Donald Trump and Kim Jong Un will likely meet again after New Year, the US vice president said, but insisted his government would not repeat past mistakes where "promises are broken."
The US president and the North's leader held a historic summit in Singapore earlier this year, signing a vaguely worded deal on denuclearisation.
North Korea has taken some steps since then -- forgoing nuclear and missile tests, dismantling a missile test site and promising to also break up the country's main nuclear complex if the US makes concessions.
But progress has generally been slow, with the two countries sparring over the exact meaning of the agreement.
Trump has said he hopes to have a second meeting with Kim early next year, but talks between Secretary of State Mike Pompeo and a top North Korean official planned for last week, partly to prepare for the meeting, were cancelled.
The US said the North axed the talks because they weren't ready, and Trump insisted he was in "no rush".
Speaking in Singapore, US Vice President Mike Pence insisted plans for the second meeting were still "ongoing".
"We believe that the summit will likely occur after the 1st of the year but the when and the where of that is still being worked out," he told reporters.
"We don't want to repeat the mistakes of prior administrations -- frankly both political parties have made over the last several decades -- where promises are made, sanctions are lifted and economic support comes and then promises are broken."
His comments came after a meeting with South Korean President Moon Jae-in on the sidelines of a summit attended by world leaders, including Russian President Vladimir Putin and Chinese Premier Li Keqiang.
- Maximum pressure -
Pence urged other countries at the meeting to keep up sanctions pressure on the North amid signs that Pyongyang's traditional trading partners, China and Russia, have eased enforcement.
Seoul has also said it is mulling lifting its own measures against Pyongyang.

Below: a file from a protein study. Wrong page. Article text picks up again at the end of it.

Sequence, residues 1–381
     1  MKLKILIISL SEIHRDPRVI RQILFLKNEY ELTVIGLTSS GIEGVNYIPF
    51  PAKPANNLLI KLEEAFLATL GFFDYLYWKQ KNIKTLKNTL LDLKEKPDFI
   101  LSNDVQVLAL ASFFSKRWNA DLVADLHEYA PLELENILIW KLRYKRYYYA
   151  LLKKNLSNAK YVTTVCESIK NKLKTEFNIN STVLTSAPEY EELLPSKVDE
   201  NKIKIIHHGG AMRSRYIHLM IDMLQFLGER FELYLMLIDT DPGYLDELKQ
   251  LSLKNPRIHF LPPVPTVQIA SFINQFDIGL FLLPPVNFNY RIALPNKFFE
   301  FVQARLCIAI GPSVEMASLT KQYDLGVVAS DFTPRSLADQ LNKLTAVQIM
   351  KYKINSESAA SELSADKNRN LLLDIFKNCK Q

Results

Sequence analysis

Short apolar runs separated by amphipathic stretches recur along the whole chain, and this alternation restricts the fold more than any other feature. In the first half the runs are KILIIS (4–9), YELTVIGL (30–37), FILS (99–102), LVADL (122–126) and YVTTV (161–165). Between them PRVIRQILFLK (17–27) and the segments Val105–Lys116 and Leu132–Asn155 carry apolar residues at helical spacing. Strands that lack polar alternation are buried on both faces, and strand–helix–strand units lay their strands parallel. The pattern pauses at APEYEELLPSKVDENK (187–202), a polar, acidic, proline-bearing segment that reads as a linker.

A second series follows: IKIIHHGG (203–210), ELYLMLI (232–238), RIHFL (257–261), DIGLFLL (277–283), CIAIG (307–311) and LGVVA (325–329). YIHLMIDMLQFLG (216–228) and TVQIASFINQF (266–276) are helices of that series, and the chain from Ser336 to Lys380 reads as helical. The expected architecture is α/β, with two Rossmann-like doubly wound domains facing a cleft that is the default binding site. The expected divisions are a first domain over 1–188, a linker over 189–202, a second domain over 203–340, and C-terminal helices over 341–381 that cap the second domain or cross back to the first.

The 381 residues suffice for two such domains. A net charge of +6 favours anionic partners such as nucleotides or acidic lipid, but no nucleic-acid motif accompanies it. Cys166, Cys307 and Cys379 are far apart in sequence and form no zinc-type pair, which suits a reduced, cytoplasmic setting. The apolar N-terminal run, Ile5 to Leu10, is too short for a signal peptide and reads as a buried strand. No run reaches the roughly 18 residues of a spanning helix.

US officials insist on the complete, verified and irreversible denuclearisation of the Korean peninsula before sanctions are lifted.
The North has rejected demands for what it calls "unilateral" disarmament, and has instead sought unspecified reciprocal US measures in a gradual process.
It has also called for sanctions to be eased as a reward for coming to the table, warning Washington's stance is undermining confidence.
Japanese Prime Minister Shinzo Abe piled on the pressure in a meeting with members of the 10-country Association of Southeast Asian Nations (ASEAN), insisting sanctions should be fully enforced.
"He urged ASEAN countries to collaborate on concrete measures such as ship to ship transfer of prohibited materials, including fuel," said foreign ministry spokesman Takeshi Osuga.
Trump has skipped this week's Singapore summit, the biggest annual meeting organised by ASEAN, raising new questions about US commitment to Asia.
Taking his place, Pence insisted America's commitment to the region was "steadfast and enduring".
"In all that we do the United States seeks collaboration not control," he said at the meeting with Southeast Asian leaders.
He also took a swipe at Beijing, whose growing assertiveness in the South China Sea has long been a source of friction with rival claimants in Southeast Asia and the United States.
"Empire and aggression have no place in the Indo-Pacific," Pence said.
"We stand shoulder-to-shoulder with you for freedom of navigation and our determination to ensure your nations are secure in their sovereign borders, on land and at sea."
Beijing claims almost the entire South China Sea, even areas approaching the coastlines of other countries, and has been establishing military installations on disputed outcrops.
After Singapore, Pence is heading to Papua New Guinea for a summit of the Asia-Pacific Economic Cooperation forum.